Commercial Magazine

The industrial-sector forecast calls for stabilized growth

By Thomas LaSalvia

The moderating “slowcession” economy has recently helped to cool performance within the once red-hot industrial real estate sector. Rent growth, while still a bit above the long-term quarterly average, is now well below its pandemic-era peaks across warehouses and distribution facilities as well as flex spaces for research and development (R&D).

Furthermore, net absorption for both property subtypes has plummeted since mid-2022. The question now being asked is, where do we go from here? Mortgage lenders and borrowers are looking to determine whether the sector is simply regressing toward a new equilibrium after a positive demand shock, or if there is significant stress forthcoming for this highly favored asset class.

Before we dig into the Moody’s Analytics outlook for the sector as a whole, one interesting development of note is the divergent net-absorption paths within the industrial subtypes. As mentioned, declining lease activity has been observed for both warehouse and flex spaces in recent quarters, but the latter category is facing a much stiffer test of its resilience in today’s market.

Since mid-2022, the level of occupied square footage for flex and R&D spaces has actually declined for the nation as a whole. As the chart on this page shows, it’s true that occupied stock is still above the level recorded at the start of 2022, but a period of nearly a year without any net expansion of space usage is worrisome. As for warehouse and distribution space, it is clearer that there is a moderation in the pace of growth, rather than the growth hitting a wall.

The rationale for the divergence in fortunes stems from the nuances within the subtype uses and their relationships with the national and global economies. Flex and R&D space often has elements of the office sector (and even light manufacturing). With changes to the workplace related to hybrid and remote policies, owners of flex spaces are — and likely will continue — feeling at least some of the pain of their more specifically tailored office-space counterparts.

On the manufacturing front, the past year has been a tough one for this economic sector as a whole.  Various measurements of manufacturing activity and sentiment have been pointing toward a less-than-favorable environment. After a period of rapid growth in 2021 and early 2022, a combination of headwinds has brought current and future space needs into question for flex and R&D spaces.

In contrast, the tailwinds for the warehouse and distribution sector are considerably stronger and much less uncertain than those of the flex segment. E-commerce continues to grow. Meanwhile, accelerated migratory patterns, as well as fixes to the logistics network weaknesses that were exposed early in the COVID-19 pandemic, promote greater confidence in this subsector for lenders, developers and investors.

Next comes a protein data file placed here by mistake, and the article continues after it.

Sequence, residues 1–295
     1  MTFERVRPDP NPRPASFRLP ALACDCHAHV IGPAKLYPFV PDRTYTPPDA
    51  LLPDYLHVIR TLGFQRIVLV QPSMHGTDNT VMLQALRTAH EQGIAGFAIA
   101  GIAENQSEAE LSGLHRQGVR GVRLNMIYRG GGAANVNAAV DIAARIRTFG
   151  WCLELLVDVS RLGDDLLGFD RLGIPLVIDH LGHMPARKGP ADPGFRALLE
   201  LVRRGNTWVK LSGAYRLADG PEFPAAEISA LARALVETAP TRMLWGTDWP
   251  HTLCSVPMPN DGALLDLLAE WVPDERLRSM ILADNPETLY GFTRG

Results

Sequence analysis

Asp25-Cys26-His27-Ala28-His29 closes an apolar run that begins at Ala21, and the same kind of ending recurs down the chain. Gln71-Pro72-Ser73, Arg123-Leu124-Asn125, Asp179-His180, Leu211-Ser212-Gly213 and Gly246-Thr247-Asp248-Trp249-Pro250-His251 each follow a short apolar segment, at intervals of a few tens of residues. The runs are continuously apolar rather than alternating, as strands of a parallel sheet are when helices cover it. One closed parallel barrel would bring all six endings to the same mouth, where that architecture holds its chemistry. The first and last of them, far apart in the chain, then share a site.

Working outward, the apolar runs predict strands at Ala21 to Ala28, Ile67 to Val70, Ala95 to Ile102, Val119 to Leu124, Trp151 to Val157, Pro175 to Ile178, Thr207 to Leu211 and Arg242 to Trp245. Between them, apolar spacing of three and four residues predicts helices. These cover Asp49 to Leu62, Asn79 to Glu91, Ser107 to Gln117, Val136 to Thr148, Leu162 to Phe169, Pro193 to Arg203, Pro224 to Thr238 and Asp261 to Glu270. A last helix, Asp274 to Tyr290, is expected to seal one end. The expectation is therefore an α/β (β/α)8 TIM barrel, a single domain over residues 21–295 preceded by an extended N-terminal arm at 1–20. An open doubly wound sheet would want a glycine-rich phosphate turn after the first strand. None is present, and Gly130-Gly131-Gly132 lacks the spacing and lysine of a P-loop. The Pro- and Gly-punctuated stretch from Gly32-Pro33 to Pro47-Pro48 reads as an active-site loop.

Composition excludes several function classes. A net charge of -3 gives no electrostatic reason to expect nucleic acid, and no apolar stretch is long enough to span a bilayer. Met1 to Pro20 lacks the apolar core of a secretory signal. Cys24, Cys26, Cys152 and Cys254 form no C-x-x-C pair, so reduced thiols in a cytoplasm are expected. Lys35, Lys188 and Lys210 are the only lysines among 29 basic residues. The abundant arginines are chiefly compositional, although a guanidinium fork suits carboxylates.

As for a more specific outlook for the industrial sector, Moody’s maintains a positive view for this property type. Warehouse and distribution spaces should continue their upward trajectory, while the flex/R&D segment is expected to regain its footing. A new and higher growth path has been established as companies reshore or nearshore their manufacturing activities, which will lessen supply chain pressures over the long term and allow the growth of e-commerce to endure.

Lofty construction expenses for manufacturing facilities are serving as a leading indicator of this path. Additionally, innovative shipping methods and the push to ship many goods in less time requires a larger and more spread-out footprint of warehouse and distribution facilities. The construction pipeline indicates that many of the projects started during the height of growth in this sector will come online in 2023, meaning that new supply will likely exceed net absorption for the first time in several years.

Nonetheless, relatively constant vacancy rates in the 4% to 5% range are poised to keep effective rent growth rates in the region of 6% per year. This is still well above the historic yearly averages prior to 2020. ●


  • Thomas LaSalvia

    Thomas LaSalvia, Ph.D., is head of commercial real estate economics at Moody’s Analytics CRE. He has extensive experience in space and capital-market analysis, with specific expertise in optimal location theory.

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